* Yatri’s who had registered last year have to give rupees 20 extra for the fee, which was 100 last, while it is 120 rupees now.
* The pilgrims can also register online through the website and mobile app of the Shrine Board.
Do’s and Don’ts for Yatris
What to do?
1. Carry sufficient woolen clothes as the temperature may sometimes abruptly fall to below 5 degree Celsius.
2. Carry umbrella, wind cheater, raincoat and waterproof shoes as the weather in the Yatra area is unpredictable.
3. Keep your clothes and eatables in a suitable waterproof bag to avoid your belongings getting wet.
4. Keep in your pocket a note containing the name, address, mobile telephone number of any Yatri proceeding for Darshan on the same date as you are doing, for emergency purposes.
5. Carry your identity card, driving license and Yatra permit with you.
What not to do?
1. Don’t stop at places which are marked by warning notices.
2. Don’t use slippers because there are steep rises and falls on the route to the Holy Cave.
3. Don’t attempt any shortcuts on the route as doing so would be dangerous.
4. Do not do anything during your entire forward/return journey which could cause pollution or disturb the environment of the Yatra area.
5. Use of plastics is strictly banned in the Union Territory and is punishable under law.
There are two possible routes established to reach the holy cave, one from Jammu to Pahalgam and the other one is Jammu to Baltal. Pilgrims can start their journey from any of these two places. Between these two routes Baltal, the northern route is the shorter one which is almost 14 km long. However, it is the steeper one so people mostly prefer the route which starts from Pahalgam which is longer yet easier and the more traditional one. The devotees can start their journey from Srinagar or Pahalgam on their barefoot.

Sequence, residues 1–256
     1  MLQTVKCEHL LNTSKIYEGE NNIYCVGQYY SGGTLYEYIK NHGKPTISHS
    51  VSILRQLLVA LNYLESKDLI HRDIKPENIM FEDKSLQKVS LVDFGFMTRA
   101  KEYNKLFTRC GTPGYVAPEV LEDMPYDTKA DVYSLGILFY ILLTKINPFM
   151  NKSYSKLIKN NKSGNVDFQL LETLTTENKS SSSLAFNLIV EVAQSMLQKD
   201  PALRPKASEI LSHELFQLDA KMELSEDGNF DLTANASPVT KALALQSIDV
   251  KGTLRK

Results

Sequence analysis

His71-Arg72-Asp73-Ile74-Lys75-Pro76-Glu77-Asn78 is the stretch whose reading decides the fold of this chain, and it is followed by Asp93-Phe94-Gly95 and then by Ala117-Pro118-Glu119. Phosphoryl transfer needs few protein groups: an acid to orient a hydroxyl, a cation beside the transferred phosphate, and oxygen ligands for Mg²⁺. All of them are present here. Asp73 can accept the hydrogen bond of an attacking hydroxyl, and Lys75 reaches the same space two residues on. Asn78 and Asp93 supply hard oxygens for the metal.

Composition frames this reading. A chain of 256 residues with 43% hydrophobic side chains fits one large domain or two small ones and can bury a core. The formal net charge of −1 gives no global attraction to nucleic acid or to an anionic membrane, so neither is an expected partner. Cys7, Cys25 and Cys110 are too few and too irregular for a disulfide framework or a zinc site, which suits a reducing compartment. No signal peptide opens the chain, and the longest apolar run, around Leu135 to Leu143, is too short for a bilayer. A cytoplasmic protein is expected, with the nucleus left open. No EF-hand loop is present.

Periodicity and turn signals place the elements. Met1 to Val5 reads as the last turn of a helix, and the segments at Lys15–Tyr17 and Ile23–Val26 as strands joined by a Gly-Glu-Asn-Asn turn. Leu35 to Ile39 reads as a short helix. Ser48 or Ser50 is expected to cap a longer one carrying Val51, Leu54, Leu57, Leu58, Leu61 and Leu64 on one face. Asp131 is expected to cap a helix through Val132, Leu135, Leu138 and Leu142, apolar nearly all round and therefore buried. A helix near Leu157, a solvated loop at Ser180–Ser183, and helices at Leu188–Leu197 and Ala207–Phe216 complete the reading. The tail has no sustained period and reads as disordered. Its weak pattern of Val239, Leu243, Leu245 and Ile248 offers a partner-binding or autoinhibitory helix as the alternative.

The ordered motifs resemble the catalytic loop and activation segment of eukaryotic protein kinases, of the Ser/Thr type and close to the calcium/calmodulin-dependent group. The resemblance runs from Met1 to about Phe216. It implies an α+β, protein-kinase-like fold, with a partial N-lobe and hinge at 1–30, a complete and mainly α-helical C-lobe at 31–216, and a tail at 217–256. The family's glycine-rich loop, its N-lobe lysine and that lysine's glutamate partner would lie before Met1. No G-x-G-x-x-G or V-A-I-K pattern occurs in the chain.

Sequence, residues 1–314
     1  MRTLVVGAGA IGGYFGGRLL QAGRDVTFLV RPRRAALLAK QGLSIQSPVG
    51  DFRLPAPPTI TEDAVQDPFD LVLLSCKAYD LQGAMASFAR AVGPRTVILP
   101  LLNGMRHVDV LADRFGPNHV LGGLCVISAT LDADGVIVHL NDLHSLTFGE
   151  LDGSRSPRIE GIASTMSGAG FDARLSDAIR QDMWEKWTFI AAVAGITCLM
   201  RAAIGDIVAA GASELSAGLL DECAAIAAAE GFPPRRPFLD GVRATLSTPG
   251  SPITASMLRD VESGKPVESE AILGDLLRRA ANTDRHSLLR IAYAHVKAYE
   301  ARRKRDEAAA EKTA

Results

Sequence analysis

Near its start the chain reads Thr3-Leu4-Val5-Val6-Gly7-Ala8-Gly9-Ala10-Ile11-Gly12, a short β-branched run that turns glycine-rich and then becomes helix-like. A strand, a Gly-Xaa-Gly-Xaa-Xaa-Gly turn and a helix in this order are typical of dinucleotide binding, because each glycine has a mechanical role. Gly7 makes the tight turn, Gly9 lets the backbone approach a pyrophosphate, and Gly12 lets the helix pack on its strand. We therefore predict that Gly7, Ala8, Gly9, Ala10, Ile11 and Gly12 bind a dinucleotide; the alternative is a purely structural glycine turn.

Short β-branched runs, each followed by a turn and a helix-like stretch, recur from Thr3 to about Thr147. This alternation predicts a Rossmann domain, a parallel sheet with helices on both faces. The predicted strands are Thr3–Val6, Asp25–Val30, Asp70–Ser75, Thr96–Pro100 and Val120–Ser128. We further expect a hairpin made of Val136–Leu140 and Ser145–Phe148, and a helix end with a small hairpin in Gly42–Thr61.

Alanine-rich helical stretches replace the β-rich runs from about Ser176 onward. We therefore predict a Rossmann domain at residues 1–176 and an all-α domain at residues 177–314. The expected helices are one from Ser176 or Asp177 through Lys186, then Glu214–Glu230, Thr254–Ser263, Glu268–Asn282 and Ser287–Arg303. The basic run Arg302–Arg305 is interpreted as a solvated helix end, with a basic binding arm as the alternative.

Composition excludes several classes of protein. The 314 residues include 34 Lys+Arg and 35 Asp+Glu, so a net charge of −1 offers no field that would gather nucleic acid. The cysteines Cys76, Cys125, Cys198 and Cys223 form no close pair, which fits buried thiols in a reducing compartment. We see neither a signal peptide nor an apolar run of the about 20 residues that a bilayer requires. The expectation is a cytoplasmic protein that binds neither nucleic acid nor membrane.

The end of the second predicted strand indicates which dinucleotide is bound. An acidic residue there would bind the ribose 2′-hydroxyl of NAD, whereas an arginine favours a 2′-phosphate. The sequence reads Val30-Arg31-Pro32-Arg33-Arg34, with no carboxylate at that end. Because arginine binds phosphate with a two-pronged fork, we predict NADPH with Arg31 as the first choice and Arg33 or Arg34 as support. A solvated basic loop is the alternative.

How to reach the cave?
The distance between Amarnath and Delhi is 638 km. There is no specific railhead at Amarnath and the nearest railway railhead to Amarnath is in Jammu which is situated almost 178 km from the pilgrimage. A devotee can reach to Amarnath Cave through these means:
By Bus: There are many websites offering online bus ticket services from Delhi to the holy cave. The buses are categorized as AC, non-AC and Volvo bus. There are numerous private and public buses running from Delhi to Amarnath.
By Air: The nearest airport to Amarnath is Srinagar airport which is located around 71 km away from the destination. This is the most convenient way to reach Amarnath from Delhi as it takes lesser time as compared to other modes of transportation.
By Train: A devotee has to spend 12 hours if he or she is travelling to Amarnath from Delhi by train. The nearest railhead is Udhampur which is located 146 km away from the Srinagar Airport.